Private landlords in Edinburgh look set to incur unforeseen extra costs as the local city council introduce new rules surrounding Houses in Multiple Occupancy (HMOs).
Edinburgh Council are now writing to all landlords of HMOs requesting them to carpet all hard floor surfaces, after they have been inundated with complaints from tenants regarding noise levels in flats. The council now want all living areas in HMOs fitted with carpets and kitchens and bathrooms to be kitted out with good quality cushioned flooring. The new rule will come into force on April 1st 2013 and many landlords are furious with the council decision.
Jake McGillivray, a landlord in the Waverley district of the city, was extremely disappointed with decision, saying “It is completely ridiculous, they are using a sledgehammer to crack a walnut. It won’t even be a case of a one off payment, landlords often have to re-carpet a place every time a tenant moves out and that is why wooden floors are so popular. At a time when tenant groups complain about rental charges going up, the council are forcing landlord’s hands. If I have to spend money on carpets, which will also add to landlord insurance and cleaning bills, then I obviously have to pass some of it on.”
A council spokeswoman was unrepentant about the decision saying most landlords will already have carpets in their properties and went on to say: “All residents living in a common stair have the right to live in their own home without being disturbed by their neighbours. Carpets greatly assist in reducing noise levels from people walking above, especially in Houses of Multiple Occupation, where footfall is increased.”
Council chiefs in Scotland’s Capital are to lend over £21 million to Housing Associations in the city to facilitate the building of another two hundred affordable properties in order to help with the current housing shortage.
The new homes will be covered by landlord insurance before being leased to tenants for what is being classed as a “mid-market” rent. This will be set somewhere between social and private rents, but at a level that low-income working families can afford.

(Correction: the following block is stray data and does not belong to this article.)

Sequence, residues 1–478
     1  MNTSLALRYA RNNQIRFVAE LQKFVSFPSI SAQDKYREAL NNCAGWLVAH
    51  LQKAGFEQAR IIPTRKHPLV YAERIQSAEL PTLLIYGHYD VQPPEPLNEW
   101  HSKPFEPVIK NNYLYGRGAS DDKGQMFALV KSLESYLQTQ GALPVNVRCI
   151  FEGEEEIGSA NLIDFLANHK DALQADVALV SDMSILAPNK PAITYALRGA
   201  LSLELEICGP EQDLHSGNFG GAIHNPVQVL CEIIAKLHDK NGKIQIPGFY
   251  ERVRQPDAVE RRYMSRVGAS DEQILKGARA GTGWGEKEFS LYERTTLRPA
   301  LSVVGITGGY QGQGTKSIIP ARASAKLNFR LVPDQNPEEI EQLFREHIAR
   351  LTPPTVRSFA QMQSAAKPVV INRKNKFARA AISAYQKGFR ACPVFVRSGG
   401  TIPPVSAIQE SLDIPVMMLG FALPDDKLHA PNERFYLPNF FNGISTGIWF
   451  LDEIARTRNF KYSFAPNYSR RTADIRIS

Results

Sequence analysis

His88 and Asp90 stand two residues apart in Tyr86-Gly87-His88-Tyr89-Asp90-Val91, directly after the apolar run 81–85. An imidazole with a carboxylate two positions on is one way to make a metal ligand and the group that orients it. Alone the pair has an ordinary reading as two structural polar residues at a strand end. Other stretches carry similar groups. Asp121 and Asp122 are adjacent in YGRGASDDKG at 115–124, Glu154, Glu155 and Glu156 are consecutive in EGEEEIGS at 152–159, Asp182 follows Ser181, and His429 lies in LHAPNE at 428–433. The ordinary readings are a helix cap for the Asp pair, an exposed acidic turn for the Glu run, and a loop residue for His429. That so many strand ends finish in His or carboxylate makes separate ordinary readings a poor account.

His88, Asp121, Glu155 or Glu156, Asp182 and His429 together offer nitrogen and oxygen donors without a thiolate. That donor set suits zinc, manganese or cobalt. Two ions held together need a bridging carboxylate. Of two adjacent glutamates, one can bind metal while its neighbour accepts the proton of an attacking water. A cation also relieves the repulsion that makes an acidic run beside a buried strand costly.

The council are planning to borrow the money needed before lending it to registered social landlords throughout Edinburgh. The social landlords are themselves finding it extremely hard in the current climate to borrow money. The idea behind the plan is that the council will lend the money to social landlords who in turn will provide properties for tenants on a low income, with the cash involved improving Edinburgh’s chances of meeting the current high demand for rental properties.
There is currently a demand for over four thousand homes from low income families who are unable to buy their own properties. Although they can’t afford to get on the property ladder they are also highly unlikely to be given priority for social housing because they are working. Edinburgh is the most popular place to live in Scotland, with around 130 bids placed for each property advertised by both the council and social landlords.
City housing leader, Councillor Paul Edie, said “This initiative is an innovative way of dealing with the shortage. The council can borrow money much more cheaply than registered social landlords so we are using our prudential borrowing muscle here. We are going to invite bids so that every registered social landlord in Edinburgh has an opportunity. We have a chronic shortage of affordable housing in the city, which includes mid-market rent for hard-working families.”
The £21m is expected to fund 70% of the cost of building the new homes, with social landlords getting the other 30% from private lenders. The council expect to make an official decision in August.